Late last year, the president issued the necessary proclamation, before legislative authority expired, to determine the effective date of the pocketing rule for originating apparel under the Central American Free Trade Agreement (CAFTA). This rule will require that pocketing will become subject to the yarn forward standard presently applicable to the component of the garment determining its classification. The president also authorized the U.S. Trade Representative to implement other changes (e.g., more lenient single-transformation rules for selected classifications of apparel) that were negotiated by the United States with the other CAFTA parties as concessions for the pocketing rule. The rules, to be published in the Federal Register, are expected to take effect within the next few months.
The president’s proclamation also authorized the implementation of cumulation, which will allow the use of Mexican materials in the production of woven CAFTA apparel. Cumulation is not expected to take effect until mid-summer, after the United States has certified that the CAFTA parties have changed their laws to accommodate cumulation, and after the United States has completed consultation and layover requirements required under the U.S. legislation that implemented CAFTA. Cumulation will be subject to an initial cap of 125 million square meter equivalents.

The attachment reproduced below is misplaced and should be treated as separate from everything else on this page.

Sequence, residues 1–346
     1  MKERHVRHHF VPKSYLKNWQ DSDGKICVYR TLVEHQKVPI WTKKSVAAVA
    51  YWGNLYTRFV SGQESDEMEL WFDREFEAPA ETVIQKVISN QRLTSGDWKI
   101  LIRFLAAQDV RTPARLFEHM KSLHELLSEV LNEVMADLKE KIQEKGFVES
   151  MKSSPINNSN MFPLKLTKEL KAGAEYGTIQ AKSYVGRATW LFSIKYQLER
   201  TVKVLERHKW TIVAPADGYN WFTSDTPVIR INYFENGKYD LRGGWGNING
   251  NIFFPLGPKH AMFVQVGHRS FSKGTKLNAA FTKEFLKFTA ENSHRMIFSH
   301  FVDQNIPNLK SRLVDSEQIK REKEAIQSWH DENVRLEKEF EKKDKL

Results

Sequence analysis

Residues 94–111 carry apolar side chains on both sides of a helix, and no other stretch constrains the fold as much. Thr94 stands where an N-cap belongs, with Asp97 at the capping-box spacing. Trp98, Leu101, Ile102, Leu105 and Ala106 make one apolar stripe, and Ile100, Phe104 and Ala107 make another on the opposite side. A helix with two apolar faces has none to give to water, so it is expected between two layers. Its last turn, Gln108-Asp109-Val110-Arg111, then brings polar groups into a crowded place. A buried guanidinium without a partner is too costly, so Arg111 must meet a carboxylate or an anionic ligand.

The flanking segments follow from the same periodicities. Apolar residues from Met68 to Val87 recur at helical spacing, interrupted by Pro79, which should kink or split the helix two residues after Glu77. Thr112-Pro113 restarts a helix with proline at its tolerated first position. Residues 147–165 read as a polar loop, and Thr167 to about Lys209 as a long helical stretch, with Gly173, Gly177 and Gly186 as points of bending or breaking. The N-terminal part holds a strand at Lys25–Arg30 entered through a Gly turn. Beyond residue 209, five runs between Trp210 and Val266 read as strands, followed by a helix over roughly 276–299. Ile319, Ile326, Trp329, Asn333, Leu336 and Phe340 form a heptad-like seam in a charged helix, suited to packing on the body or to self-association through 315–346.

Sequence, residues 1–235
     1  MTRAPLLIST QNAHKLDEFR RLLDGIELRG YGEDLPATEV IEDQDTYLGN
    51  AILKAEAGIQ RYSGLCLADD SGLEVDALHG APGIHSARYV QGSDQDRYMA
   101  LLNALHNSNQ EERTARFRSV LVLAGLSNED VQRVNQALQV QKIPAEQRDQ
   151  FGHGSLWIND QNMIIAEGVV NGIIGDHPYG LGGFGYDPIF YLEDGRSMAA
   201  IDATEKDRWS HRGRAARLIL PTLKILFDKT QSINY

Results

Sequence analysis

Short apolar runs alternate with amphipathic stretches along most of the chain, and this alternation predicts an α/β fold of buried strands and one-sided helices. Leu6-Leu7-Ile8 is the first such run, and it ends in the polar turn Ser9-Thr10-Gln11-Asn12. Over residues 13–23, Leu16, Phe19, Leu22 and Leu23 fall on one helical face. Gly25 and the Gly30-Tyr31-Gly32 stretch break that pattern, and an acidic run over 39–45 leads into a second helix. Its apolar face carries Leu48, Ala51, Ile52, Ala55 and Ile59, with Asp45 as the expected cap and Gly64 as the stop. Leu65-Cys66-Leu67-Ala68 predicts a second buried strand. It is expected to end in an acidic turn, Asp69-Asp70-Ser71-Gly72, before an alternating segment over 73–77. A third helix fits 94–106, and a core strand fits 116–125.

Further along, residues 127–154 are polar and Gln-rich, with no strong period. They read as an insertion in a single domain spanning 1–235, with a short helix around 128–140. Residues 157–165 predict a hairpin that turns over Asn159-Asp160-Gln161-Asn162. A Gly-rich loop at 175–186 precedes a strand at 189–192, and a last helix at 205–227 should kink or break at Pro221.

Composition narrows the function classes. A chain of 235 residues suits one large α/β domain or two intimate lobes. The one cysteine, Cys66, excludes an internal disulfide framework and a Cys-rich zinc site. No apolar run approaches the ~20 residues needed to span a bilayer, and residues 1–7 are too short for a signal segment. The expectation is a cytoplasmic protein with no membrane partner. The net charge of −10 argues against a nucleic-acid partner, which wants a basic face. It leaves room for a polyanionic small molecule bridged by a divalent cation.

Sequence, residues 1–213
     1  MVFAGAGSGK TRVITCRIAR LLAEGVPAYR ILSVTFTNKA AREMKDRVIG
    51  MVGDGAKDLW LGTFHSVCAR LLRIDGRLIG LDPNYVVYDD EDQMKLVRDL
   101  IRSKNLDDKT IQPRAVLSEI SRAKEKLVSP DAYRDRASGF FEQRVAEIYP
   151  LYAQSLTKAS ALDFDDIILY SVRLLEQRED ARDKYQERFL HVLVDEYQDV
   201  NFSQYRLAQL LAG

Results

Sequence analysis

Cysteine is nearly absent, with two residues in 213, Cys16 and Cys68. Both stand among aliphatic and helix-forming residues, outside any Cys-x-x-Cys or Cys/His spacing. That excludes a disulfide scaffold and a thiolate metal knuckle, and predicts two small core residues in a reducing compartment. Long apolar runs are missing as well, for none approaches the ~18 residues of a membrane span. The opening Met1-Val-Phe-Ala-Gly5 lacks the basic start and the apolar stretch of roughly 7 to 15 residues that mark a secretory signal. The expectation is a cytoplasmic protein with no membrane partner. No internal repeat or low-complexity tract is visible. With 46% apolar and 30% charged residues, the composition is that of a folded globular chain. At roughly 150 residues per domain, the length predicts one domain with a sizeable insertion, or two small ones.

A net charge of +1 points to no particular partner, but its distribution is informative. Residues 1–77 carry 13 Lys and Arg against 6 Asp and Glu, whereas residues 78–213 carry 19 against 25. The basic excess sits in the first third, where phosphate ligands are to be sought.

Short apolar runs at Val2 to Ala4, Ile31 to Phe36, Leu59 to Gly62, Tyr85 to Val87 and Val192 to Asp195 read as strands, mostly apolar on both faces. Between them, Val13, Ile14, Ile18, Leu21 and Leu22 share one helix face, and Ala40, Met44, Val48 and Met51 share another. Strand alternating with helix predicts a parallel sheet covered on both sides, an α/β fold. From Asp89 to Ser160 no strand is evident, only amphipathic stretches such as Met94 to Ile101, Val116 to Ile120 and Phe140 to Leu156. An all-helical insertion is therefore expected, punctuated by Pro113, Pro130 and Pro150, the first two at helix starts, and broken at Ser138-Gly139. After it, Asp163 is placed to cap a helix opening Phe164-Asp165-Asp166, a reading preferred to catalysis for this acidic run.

Costa Rica has still not implemented CAFTA, and will not meet the February 29, 2008 deadline for doing so because it has not completed necessary implementing legislation. CAFTA allows the parties to agree to an extension, which would permit later implementation, and such an extension is likely to be granted. The next deadline that will affect apparel imports from Costa Rica will be the expiration of the Caribbean Basin Trade Partnership Act next September, after which there will be no preferential treatment for textiles from Costa Rica without CAFTA.
The United States and Honduras are in consultations over the socks safeguard, which will reimpose duties on originating cotton socks from Honduras at a rate to be determined (not to exceed the present normal trade relations duty rate, which is 13.5 percent for most cotton socks) for the remainder of 2008. CAFTA allows Honduras to seek concessions with respect to other textiles during the consultations or, if negotiations as to concessions fail, to take tariff action affecting U.S. exports to Honduras of other products.